Homegrown is a Phipps program dedicated to increasing community access to fresh produce, promoting better food choices, and improving the overall health of families and children.

Since its inception in 2013, Homegrown has installed over 210 raised-bed vegetable gardens at households in underserved neighborhoods and provided mentorship and resources to hundreds of community members. The Homegrown program began in Homewood, where gardens were installed in almost one in every 10 households.

Currently, Phipps is operating only in the Pittsburgh neighborhood of Larimer, with plans for continued expansion in the future.

Homegrown helps families keep their gardens growing by building and honing participants' gardening skills and knowledge. Covering topics from weed and pest management to healthy cooking skills, monthly classes allow new gardeners to realize the full potential of their raised beds while offering opportunities for neighbors to connect.

Phipps will continue to nurture healthy communities as the Homegrown program expands into neighborhoods that are challenged by food insecurity and its significant impacts on health and families.

Learn more about the mission and impact of Homegrown here:   


How We Work

The program supports participants over two years, equipping them with the resources they need to become self-sufficient gardeners. Each family receives help with installation, plus these free materials: 

  • Two 3' × 5' raised beds
  • Soil, seeds and plants 
  • Garden tools 

After each garden is installed, Homegrown keeps in touch throughout the season, offering participants: 

  • Regular check-ins and garden visits to answer questions
  • Gardening and cooking workshops 
  • Help getting started again the second year

By enrolling in Homegrown, participants commit to: 

  • Participate in the program for two years 
  • Attend monthly classes when able
  • Take care of the gardens throughout the season

The Power of a Single Garden

One garden does far more than produce vegetables. It grows confidence and community. It provides hope for the future. It inspires healthier, better lives. "Food gardening is really about self-reliance and strengthening connections with neighbors, family and friends," says Lauren Delorenze, community outreach coordinator. "Phipps' Homegrown program gives participants the ability to provide for themselves, empowering them with garden knowledge and skills they need to confidently grow their own food for years to come and to share their edible bounty with others, bringing people together."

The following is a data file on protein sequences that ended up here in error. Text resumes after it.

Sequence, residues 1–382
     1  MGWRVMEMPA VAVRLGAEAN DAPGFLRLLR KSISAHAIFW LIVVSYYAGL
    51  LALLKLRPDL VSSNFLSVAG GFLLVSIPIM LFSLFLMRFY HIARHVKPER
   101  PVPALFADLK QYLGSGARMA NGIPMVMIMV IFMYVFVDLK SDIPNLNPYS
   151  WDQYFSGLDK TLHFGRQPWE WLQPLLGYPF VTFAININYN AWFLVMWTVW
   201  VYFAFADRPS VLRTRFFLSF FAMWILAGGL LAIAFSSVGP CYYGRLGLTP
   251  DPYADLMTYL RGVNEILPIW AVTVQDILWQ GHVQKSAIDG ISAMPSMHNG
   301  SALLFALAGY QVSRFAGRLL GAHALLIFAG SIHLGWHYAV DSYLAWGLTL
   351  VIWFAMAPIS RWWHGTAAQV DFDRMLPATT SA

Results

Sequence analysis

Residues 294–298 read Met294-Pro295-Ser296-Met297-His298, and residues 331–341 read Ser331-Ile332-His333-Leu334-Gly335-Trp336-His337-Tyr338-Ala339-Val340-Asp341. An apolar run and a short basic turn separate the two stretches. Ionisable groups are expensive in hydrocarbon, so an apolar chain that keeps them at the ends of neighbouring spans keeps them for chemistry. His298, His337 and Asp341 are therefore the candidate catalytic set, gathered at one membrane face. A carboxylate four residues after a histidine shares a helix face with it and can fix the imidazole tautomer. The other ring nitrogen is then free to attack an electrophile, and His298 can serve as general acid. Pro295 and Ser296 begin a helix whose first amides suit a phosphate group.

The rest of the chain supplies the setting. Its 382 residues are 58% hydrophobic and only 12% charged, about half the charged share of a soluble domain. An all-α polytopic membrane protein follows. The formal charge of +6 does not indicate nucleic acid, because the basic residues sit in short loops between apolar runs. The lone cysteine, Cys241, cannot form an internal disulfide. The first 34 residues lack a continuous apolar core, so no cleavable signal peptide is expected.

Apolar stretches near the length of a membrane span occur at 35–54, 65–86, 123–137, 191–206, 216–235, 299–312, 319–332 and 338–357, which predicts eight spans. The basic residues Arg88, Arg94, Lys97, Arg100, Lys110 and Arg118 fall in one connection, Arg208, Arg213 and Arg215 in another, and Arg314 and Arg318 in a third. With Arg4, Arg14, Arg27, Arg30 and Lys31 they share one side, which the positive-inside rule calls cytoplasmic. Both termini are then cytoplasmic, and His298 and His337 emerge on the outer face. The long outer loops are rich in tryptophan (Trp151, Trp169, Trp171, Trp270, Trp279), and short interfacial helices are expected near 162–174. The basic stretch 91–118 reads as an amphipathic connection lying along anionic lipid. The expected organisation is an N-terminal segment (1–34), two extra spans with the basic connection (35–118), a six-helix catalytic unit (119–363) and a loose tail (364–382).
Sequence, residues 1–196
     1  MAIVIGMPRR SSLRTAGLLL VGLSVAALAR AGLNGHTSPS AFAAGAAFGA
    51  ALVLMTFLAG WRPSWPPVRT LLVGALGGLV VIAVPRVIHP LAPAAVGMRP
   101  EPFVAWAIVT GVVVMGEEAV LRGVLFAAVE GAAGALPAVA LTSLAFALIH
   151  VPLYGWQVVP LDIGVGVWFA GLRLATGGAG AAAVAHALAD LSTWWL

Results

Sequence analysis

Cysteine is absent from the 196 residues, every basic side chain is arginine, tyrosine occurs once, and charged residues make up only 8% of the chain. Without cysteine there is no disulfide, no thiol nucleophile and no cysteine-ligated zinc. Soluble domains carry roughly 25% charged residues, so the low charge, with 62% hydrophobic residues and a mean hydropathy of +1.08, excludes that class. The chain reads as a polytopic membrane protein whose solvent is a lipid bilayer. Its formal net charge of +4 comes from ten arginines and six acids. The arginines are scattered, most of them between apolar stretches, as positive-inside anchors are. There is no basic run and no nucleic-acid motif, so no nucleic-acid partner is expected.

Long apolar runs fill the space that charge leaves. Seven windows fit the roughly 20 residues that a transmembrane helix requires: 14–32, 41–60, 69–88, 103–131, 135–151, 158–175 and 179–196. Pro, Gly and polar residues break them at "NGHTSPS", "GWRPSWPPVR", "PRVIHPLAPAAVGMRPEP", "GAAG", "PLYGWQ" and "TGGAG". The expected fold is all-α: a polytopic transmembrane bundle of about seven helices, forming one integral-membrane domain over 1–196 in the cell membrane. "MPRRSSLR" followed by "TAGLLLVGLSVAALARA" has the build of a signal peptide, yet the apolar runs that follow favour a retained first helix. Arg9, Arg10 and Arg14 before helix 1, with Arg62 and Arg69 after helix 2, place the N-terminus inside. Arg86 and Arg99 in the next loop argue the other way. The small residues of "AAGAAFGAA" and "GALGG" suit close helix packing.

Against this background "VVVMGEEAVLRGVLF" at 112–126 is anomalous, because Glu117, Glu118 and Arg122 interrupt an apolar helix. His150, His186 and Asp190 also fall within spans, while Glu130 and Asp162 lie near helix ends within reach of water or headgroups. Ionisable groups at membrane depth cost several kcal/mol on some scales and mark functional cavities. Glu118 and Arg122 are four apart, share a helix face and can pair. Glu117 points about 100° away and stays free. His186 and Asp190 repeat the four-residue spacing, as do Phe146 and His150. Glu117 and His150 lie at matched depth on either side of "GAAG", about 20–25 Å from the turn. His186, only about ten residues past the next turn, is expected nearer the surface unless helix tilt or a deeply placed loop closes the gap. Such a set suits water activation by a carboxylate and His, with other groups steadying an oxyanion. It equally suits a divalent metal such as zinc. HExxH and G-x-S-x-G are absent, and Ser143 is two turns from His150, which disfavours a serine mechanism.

We encourage you to build a raised-bed garden of your own and to show your support for this important initiative — your involvement will change lives for the better.

Donate Now


Build Your Own Raised-Bed Garden

Want to follow the Homegrown model in your own backyard or community? Get your kids involved in this hands-on activity with positive, healthy lifelong rewards!

How to Build a Raised Bed Garden (PDF)


Additional Resources

Check out our additional resources to help you get started:

Pittsburgh Garden Resource Directory

Guide to Square Foot Gardening (PDF)

Indoor Seed-Starting Calendar (PDF)

Crop Planting Calendar (PDF)

Porchside Gardening Blog


Additional Impact

Homegrown’s focus and impact go beyond garden installations and mentoring to include:

Additional Impact Advocacy: As a means to lead and advocate for healthier lifestyles, Homegrown — a member organization of the Pittsburgh Food Policy Council — is dedicated to increasing community access to fresh produce, promoting better food choices, and providing additional local gardening initiatives to make a difference.

Additional Impact Food Festivals: In September 2017, Homegrown’s Good Food Festival brought together Homewood-area businesses and community members to celebrate and enjoy fresh, healthy foods grown and prepared in the neighborhood.

Additional Impact Classes: Phipps offers a range of adult gardening courses for the novice and advanced gardener. To see a full listing, visit our Classes and Programs for Adults.

Additional Impact Speaking Events: Homegrown representatives are available to speak about the benefits and impact of edible gardening at your next community, organizational or civic meeting. Class topics are below; contact us for course descriptions and learning objectives. Appointments are subject to instructor availability.

  • Indoor Seed Starting (February – March) 
  • Organic Garden Basics (February– May)
  • Three Sisters and Companion Planting (March – May)
  • Planning Your Garden (March – May) 
  • Weed and Pest ID (April – July) 
  • Preparing Your Garden for Winter (August – October) 
  • Soil Health and Compost (Jan – December) 
  • Garden Flowers and Pollinators (May – August) 
  • Perennial Backyard Fruits (March – June) 
  • Close Ups: Tomatoes and Greens (June – August) 
  • Herbal Salves Workshop (possible materials fee) (January – December) 
  • Backyard Composting (August – October)

Applications

Phipps is solely taking applications for new Homegrown gardens from residents in the Larimer area at this time, with plans for continued expansion in the future. Program updates will be provided here once available.


Want to Learn More? Contact Us!

For more information, please contact a member of the Homegrown team at homegrown@phipps.conservatory.org or 412/441-4442.

Photos © Mothlight Creative and Phipps Staff